I am sure that most of my readers are aware that the subject of repentance is enormously neglected today, especially in this era of “seeker-sensitive” worship and preaching. Jesus was a preacher of repentance, much like the Old Testament prophets. To call to repent is to confront with the deadly fact of sin and the absolute necessity of abandoning our loyalty to sin in all its aspects if we are true disciples. The message of repentance is not comfortable. It is only good news to the person who is affected by the convicting power of the Holy Spirit and sees the truth about his/her spiritual condition. (Luke 5:32, 2 Cor 7:9-10) One of the most spiritual destructive mindsets among Christians is that grace is so free and unconditional to sinners that repentance is not necessary. Romans 2:4 says that God’s kindness to undeserving sinners is what should lead us to a desire to repent! The surgical removal of this aspect of the Gospel message is serious! I would go as far as to say that any Gospel that does not clearly proclaim repentance is a false gospel worthy of condemnation.
In Jesus’ most famous parable, The Prodigal son, repentance is a major theme. (Luke 15:11ff) Jesus condemned whole cities for not repenting. (Matthew 11:20) Peter’s first instruction on the day of Pentecost was “Repent!” (Acts 2:38) How did this theme get so lost today? Belief without repentance is not true, saving faith. The requirement of perfect repentance is also a distortion, but frankly some, in seeking to avoiding being heavy handed about requiring repentance, have discarded the requirement entirely.
The second condition for entering the Kingdom is to believe the Good News. John the Baptist had proclaimed repentance and the intention to believe in the one who would follow. Now that the Messiah has arrived, the Good News becomes the announcement of not just what God is doing but who God is doing it all through. First a word about belief. The New Testament uses a word that cannot be reduced to the sort of belief so common today. The modern vocabulary has given belief the connotation of a personal opinion that one adheres to for reasons entirely of your own. We “believe” in politicians, sports teams and UFO’s. New Testament belief has more in common with the sort of belief we associate with life commitment. Marriage is the best example. The persons giving their lives to one another “believe in” the other person with a totality of their being, their future and their possessions. This is the sort of belief expressed by the person who chooses to jump out of a plane with only a parachute between himself and death. Jesus is asking, in short, for a life-altering, life-anchoring bet on the truth of who he is.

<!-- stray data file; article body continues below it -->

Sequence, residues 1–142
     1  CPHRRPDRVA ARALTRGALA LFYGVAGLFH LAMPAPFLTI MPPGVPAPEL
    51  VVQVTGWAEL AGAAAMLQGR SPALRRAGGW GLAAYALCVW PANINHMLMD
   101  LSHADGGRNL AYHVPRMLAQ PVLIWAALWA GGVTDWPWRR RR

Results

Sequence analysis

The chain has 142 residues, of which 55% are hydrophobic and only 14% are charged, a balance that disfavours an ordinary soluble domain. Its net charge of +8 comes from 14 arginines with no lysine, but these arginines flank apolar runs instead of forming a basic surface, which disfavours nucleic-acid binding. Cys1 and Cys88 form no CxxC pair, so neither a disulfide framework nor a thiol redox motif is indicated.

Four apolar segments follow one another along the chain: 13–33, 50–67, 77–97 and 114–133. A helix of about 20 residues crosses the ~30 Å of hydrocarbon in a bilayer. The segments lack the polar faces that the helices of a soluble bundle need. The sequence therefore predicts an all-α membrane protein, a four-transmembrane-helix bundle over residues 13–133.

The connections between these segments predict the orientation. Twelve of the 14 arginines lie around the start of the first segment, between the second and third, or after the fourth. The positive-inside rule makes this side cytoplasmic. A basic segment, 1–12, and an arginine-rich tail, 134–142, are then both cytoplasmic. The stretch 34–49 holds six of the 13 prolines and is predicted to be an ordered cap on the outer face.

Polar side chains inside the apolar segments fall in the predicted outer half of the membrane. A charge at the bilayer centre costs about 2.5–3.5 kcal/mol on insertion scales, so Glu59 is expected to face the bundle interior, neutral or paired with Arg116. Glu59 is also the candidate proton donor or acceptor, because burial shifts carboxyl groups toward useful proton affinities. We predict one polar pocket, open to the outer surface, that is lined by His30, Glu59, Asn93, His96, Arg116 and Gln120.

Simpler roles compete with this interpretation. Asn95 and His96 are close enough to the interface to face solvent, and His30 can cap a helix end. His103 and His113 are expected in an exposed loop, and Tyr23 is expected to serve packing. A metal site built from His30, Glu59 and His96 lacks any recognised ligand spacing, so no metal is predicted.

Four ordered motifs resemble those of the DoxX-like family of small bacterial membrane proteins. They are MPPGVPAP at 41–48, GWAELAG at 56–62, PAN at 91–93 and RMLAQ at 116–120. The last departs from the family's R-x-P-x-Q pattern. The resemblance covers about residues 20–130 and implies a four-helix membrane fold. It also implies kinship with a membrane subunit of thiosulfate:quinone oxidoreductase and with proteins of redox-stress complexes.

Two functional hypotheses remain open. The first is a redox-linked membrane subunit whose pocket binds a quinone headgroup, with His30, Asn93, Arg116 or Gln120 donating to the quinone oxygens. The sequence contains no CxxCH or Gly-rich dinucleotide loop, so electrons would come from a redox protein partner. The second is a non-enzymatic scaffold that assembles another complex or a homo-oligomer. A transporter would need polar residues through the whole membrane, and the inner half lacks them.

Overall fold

Have you ever heard someone say “You mean all I have to do is believe in Jesus in order to go to heaven?” Such a question shows the modern definition of belief as a sort of optional, minimal assent to a proposition that may have nothing whatsoever to do with truth. I want to assure my readers that this is absolutely not what Jesus means. The thief on the cross believed at the last moment, but he believed in Jesus with all that he was, betting his entire life on Jesus veracity. When someone asks what they must do to go to heaven, we should give an honest answer: Admit your sin, repent and surrender all you know of yourself to all you know of Jesus.